$DFTB group (relevant for GBASIS=DFTB) Density-functional tight-binding (DFTB) is turned on by selecting GBASIS=DFTB in $BASIS. $DFTB controls optional parameters for a DFTB calculation. DFTB is formulated in a two-center approximation utilizing implicitly a minimal pseudoatomic orbital basis set with corresponding, pretabulated one- and two-center integrals. Because of this, many properties (for instances, multipoles higher than dipoles) and many options are ignored or not available in the current implementations of DFTB. DFTB also uses an independent SCF driver (SCF in DFTB is also called SCC, see below), so most SCF options are not available for DFTB. Only SCFTYP=RHF and UHF are implemented. SCFTYP=ROHF is available, only when all SPNCST values are zero. DFTB does not explicitly use symmetry (C1 throughout) since integrals are never computed during the calculations. Slater-Koster tables are only defined for spherical functions (5d) so DFTB sets ISPHER=1. Most $GUESS options do not work for DFTB (DFTB does not use initial orbitals in the usual sense). Other than the default (METHOD=HUCKEL, which is ignored), only METHOD=MOREAD works (note that SCC-DFTB can use initial charges on atoms, derived from the orbitals). RUNTYP=OPTIMIZE, HESSIAN and RAMAN are available for full (non-FMO) DFTB and FMO-DFTB. Excited state calculations for full DFTB may be performed through the standard (linear- response) time-dependent formalism (only closed shell). PCM can be used for both ground and excited state calculations, and energy and gradient can be evaluated. In DFTB calculation, the atom type is determined by its name, not its nuclear charge as elsewhere in GAMESS. The nuclear charge (the second column in $DATA) is used only in population analysis, but not in SCF. DFTB uses a notion of "species", which means an atomic type. The species are numbered according to the order in which atoms appear in $DATA. For instances, in water there are two species, O and H. An atomic type of each species needs MAXANG, which for most but not all atoms is set automatically. NDFTB order of the Taylor expansion of the total energy around a reference density in the DFTB model. = 1 NCC-DFTB, also called DFTB1. NCC stands for non-charge-consistent, i.e., no explicity charge-charge interaction term is included in the energy calculation. = 2 SCC-DFTB, also called DFTB2. SCC means a self-charge-consistent approach, and SCC implies that SCF iterations are carried out that converge monopolar charges towards self-consistency. = 3 DFTB3, including 3rd order correction using Hubbard derivatives (HUBDER). In order to reproduce the published DFTB3 approach, it is necessary to also specify DAMPXH=.TRUE. to add other terms. Gaus, M. et al. J. Chem. Theory Comput. 2011, 7, 931-948 is referred to as Gaus2011 below. Default: 2. DAMPXH = a flag to include the damping function for X-H atomic pair in DFTB3. See also DAMPEX, and eq 21 in Gaus2011. The damping function is used when at least one atom in a pair is "H". "HYDROGEN" and any other name will turn off the damping. Default: .FALSE. DAMPEX = an exponent used in the damping function for X-H atomic pairs. The default value is 4.0 (taken from the 3OB parameter set). SRSCC = a flag to perform shell-resolved SCC calculation. If set to .FALSE., the code uses the Hubbard value for an s orbital for p and d orbitals, ignoring their Hubbard values defined in Slater- Koster tables. Using .TRUE. enables the use of proper Hubbard values for p and d orbitals, implemented only for DFTB1 and DFTB2. Default: .FALSE. ITYPMX Convergence method of SCC calculations. = -1 Use standard GAMESS convergence methods. SOSCF and DIIS are supported, but DEM is not. = 0 Broyden's method. Interpolation is applied for atomic (or shell-resolved when SRSCC=.TRUE.) charges, but not Hamiltonian matrix. = 1 (reserved) = 2 DIIS for charges. Default: 0. ETEMP = electronic temperature in Kelvin. Non-zero values of ETEMP help SCF convergence of nearly-degenerate systems by smearing occupation numbers around the Fermi-level. Only the Fermi-Dirac distribution function is available as a smearing function. The default value is 0 Kelvin, meaning the smearing function is not used. ETEMP is implemented only for SCFTYP=RHF and when FMO is not used. DISP dispersion model for DFTB. = NONE no Dispersion correction. = UFF UFF-type dispersion correction. Parameters for atomic numbers up to 54 are available internally or can be supplied in DISPPR for any atom. Built-in parameters are taken from Rappe et al. J. Am. Chem. Soc. 1992, 114, 10024. = SK The Slater-Kirkwood type dispersion correction omitting the change polarizability depending on the number of bonds. No default values of DISPPR are available. Some are listed in the manual of the DFTB+ program. = SKHP The Slater--Kirkwood type dispersion with the dependence of polarizabilities on the number of bonds. = DFT Use so-called DFT-D. See $DFT for further details. DISP=GRIMME is a synonym. DISPPR an array of parameters used for dispersion correction, listed in sets for each species. For DISP=UFF, DISPPR(1) and DISPPR(2) define the non-bonded distance (Angs.) and energy (kcal/mol) for the first species, respectively, and so on. For DISP=SK, a set for a species has 3 parameters, the polarizability (Angstrom^3), cutoff length (Angstrom), and atomic charge. For DISP=SKHP, a set for a species has 14 parameters. The first six are the polarizabilities depending on the number of bonds, and the next six are cutoff length, and the last is atomic charge. Default: see DISP. HUBDER an array of Hubbard derivatives for each species (1 per species) used only for DFTB3 calculations. Default values are set for the elements included in the 3OB parameters (Br, C, Ca, Cl, F, H, I, K, Mg, N, Na, O, P, S, Zn). MAXANG array of maximum angular momentum of each species, which determines the number of basis functions. DFTB uses only valence orbitals and electrons! Most elements have proper default values, but for some atomic types (i.e., species) you need to manually define the values. QREF array of the number of reference electrons of each species. QREF is usually automatically taken from Slater-Koster parameters, so this option is seldom used. SPNCST an array of spin constants used in unrestricted (UHF) DFTB calculation. Provide 6 spin constants, W_{ss}, W_{sp}, W_{pp}, W_{sd}, W_{pd}, & W_{dd}, for each species in a continuous array. Constants for some elements can be found in the manual of the DFTB+ program. PARAM specifies the directory from which DFTB parameters are taken. If you wish to mix parameters from different directories, this option cannot be used. Specifying PARAM means no $DFTBSK; otherwise, $DFTBSK is read. Nota bene-bene: the actual path for parameters includes $DFTBPAR, defined in rungms. All directory names used in PARAM should be ** UPPER CASE **, as 3OB-3-1 in ~/gamess/dftb/param/3OB-3-1 where $DFTBPAR=~/gamess/auxdata/DFTB PARAM=3OB-3-1 The length of PARAM is maximum 8 characters! Each parameter file name has a limit of 150 characters. GAMESS includes 3OB-3-1 and MATSCI03 (properly called matsci-0-3), which you may specify in PARAM. 3ob-3-1 should be used with DFTB3 (biochemistry+water). matsci-0-3 should be used with DFTB2 (iorganics). You can find more parameter sets at dftb.org. Before using DFTB parameters, ~/gamess/dftb/README.dftb should be consulted regarding lisense and citations. Default: "", meaning that $DFTBSK is read. ISPDMP An array of integer specifying species X to which the X--H damping function (DAMPXH) is applied. By default, with DAMPXH=.TRUE., ISPDMP for all elements is 1 (apply). Setting 1 for H does not do anything. * * * The following options are FMO-DFTB specific (Nishimoto, Y. et al. J. Chem. Theory Comput. 2014, 10, 4801-4812.). FMO-DFTB has many limitations and some FMO options are not supported (for instance, multilayer FMO etc). Only single layer, restricted closed-shell FMO2/3-DFTB1/2/3 are implemented at present. SRSCC, ETEMP etc are not available. The analytic gradient is available for FMO-DFTB, requiring solving SCZV as in other FMO methods. MODESD = controls the behavior of ES-DIM (electrostatic dimer) approximation (bit additive). 1 Calculate interfragment repulsive energy for ES dimers (almost never used). 2 Add up all ES-DIM energies. This means that individual ES dimer energies are not calculated, but only their total lump sum, computed with the dynamic load balancing. 4 Lump ES-DIM routine with static load balancing. The bits of 2 or 4 are mutually exclusive. Default: 0 (i.e., individual ES dimer energies). MODGAM = controls the calculation of gamma values (interatomic 1/R-like function) in FMO-DFTB2 and FMO-DFTB3 (bit additive). 0 Calculate gamma values on the fly. 1 Calculate once and prestore gamma values in triangular matrix. 2 Calculate once and prestore gamma values in square matrix. 4 With the bits of 1 or 2, the calculation of gamma values is parallelized with GDDI. The bits of 1 or 2 are mutually exclusive. These options are faster but takes more memory. 8 Using this option omits computing ESP in dimer and trimer calculations by accumulating contributions of each fragment and subtracting double-counting contributions. Default: 8 * * * The following options are relevant to second- and third-order derivative calculations (RUNTYP=HESSIAN and RAMAN). CPCONV = Convergence criterion during coupled-pertrubed DFTB iterations, similar to CONV in $SCF. In DFTB, the program uses Mulliken charges for testing the convergence, but not density matrix itself. By default, CPCONV=1.0D-06. MXCPIT = Maximum number of coupled-perturbed DFTB iterations. By default, MXCPIT=50. DEGTHR = An array of two degeneracy thresholds. If the difference of two eigenvalues are less than the threshold, two orbitals are seen as degenerated. The first threshold is employed in solving coupled-perturbed equations, while the second threshold is in computing third-order derivatives analytically. By default, these are set to 1.0D-12 and 1.0D-08, whieh are usually reasonable. ARAMAN = A flag to compute third-order derivatives (static hyperpolarizability and polarizability derivative) analytically, in addition to Hessian. If this option is activated, users do not have to give $HESSIAN and $DIPDR in the input, and non-resonance Raman spectra can be simulated by a single run. This option requires that RUNTYP must be RAMAN. By default, ARAMAN=.FALSE. * * * The following optinos are relevant to long-ranged corrected DFTB. The formulation is based on Lutsker, V. et al. 2015, 143, 184107. With LC-DFTB, using ITYPMX=-1 options is highly recommended. LCDFTB = A flag to activate long-range correctios EMU = A parameter for long-range corrections. The meaning is very similar to MU in $DFT. By default, EMU=0.0, and this corresponds to regular DFTB. ICUT = A parameter applied in the screening using the Schwarz inequiality. The meaning is similar to ICUT in $CONTRL. By default, the screening is not employed, but this is usually as fast as ICUT=9, depending on the performance of the math library.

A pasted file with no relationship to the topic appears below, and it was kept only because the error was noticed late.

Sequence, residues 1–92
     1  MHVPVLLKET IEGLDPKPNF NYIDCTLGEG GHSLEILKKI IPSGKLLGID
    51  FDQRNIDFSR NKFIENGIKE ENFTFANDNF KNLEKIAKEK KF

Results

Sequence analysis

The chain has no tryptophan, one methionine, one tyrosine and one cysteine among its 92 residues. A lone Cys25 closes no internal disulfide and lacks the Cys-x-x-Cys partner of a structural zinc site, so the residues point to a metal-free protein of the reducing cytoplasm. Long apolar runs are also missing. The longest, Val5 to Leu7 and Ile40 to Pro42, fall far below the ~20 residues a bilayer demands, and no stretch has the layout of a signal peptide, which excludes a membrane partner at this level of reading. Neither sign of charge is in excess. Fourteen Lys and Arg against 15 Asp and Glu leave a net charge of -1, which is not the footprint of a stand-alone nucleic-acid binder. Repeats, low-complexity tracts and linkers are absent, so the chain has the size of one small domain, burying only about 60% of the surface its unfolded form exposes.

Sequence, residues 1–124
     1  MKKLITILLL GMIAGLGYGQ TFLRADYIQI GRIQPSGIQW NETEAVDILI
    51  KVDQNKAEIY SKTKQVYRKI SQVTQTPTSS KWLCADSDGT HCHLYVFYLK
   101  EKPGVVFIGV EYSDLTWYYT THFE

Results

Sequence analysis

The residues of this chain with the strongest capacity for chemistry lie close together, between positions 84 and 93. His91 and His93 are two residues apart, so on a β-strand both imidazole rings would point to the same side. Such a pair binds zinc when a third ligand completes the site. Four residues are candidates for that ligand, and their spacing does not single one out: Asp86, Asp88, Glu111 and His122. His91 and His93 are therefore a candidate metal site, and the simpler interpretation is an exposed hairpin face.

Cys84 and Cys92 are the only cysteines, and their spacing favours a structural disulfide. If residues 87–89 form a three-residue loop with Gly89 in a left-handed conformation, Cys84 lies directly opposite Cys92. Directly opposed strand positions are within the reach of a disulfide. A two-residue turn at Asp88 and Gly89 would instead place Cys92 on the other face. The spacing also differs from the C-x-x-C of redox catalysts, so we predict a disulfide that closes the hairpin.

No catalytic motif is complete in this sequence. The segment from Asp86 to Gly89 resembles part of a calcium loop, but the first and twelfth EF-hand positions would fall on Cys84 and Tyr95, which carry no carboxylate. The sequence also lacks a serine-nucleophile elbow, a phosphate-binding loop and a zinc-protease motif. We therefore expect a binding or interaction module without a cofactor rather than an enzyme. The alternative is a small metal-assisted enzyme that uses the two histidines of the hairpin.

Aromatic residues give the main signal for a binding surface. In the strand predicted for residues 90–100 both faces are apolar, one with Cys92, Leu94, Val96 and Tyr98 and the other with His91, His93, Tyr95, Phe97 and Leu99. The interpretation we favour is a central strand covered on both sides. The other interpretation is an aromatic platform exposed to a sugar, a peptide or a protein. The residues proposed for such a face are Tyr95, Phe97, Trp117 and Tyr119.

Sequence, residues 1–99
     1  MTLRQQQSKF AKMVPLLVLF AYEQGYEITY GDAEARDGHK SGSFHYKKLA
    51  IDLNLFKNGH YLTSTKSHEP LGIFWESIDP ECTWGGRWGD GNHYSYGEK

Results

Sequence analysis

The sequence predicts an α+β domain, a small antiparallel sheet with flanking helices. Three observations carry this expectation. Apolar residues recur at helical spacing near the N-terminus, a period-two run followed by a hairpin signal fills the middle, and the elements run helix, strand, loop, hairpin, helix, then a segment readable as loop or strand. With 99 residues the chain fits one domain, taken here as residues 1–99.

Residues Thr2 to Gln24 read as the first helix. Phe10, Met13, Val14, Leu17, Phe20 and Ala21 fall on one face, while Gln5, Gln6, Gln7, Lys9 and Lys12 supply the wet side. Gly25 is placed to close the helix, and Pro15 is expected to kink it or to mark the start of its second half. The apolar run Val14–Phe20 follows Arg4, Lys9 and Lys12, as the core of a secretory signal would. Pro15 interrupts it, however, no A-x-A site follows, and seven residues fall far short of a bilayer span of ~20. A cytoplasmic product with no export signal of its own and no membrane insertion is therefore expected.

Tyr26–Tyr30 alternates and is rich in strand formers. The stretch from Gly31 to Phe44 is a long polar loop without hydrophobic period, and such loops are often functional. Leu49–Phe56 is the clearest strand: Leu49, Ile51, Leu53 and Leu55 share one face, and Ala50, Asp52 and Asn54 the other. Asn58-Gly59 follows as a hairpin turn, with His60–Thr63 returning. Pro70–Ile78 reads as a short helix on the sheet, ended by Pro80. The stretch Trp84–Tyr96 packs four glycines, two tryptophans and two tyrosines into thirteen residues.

## Evaluating The Friction Of Rotary Joints In Molecular Machines

Howard Lovy's name came across my calendar (happy birthday!) and Josh Hall published a fresh post to "Where is my Flying Car?" – seems like a perfect time to post an everything-new-is-still-new-for-the-first-time-type update.

Published way back in 2017 in Molecular Systems Design & Engineering; reportedly one of the most-read Q3 2017 articles to boot. Also my first foray into arxiv territory for those limited in their journal access (arxiv.org/abs/1701.08202).

Tad Hogg^{*a} Matthew S. Moses^{*b} and Damian G. Allis^{*c}

a. Institute for Molecular Manufacturing, Palo Alto, USA

b. Independent Consultant, Lafayette, USA

c. Department of Chemistry, Syracuse University, Syracuse, USA

Abstract:A computationally-efficient method for evaluating friction in molecular rotary bearings is presented. This method estimates drag from fluctuations in molecular dynamics simulations via the fluctuation–dissipation theorem. This is effective even for simulation times short compared to a bearing's energy damping time and for rotation speeds comparable to or below typical thermal values. We apply this method to two molecular rotary bearings of similar size at 300 K: previously studied nested (9,9)/(14,14) double-walled carbon nanotubes and a hypothetical rotary joint consisting of single acetylenic bonds in a rigid diamondoid housing. The acetylenic joint has a rotational frictional drag coefficient of 2 × 10^-35 kg m2 s^-1. The friction for the nested nanotubes is 120 times larger, comparable to values reported by previous studies. This fluctuation-based method could evaluate dissipation in a variety of molecular systems with similarly rigid and symmetric bearings.

Mol. Syst. Des. Eng., 2017, 2, 235-252 (10.1039/C7ME00021A, direct link)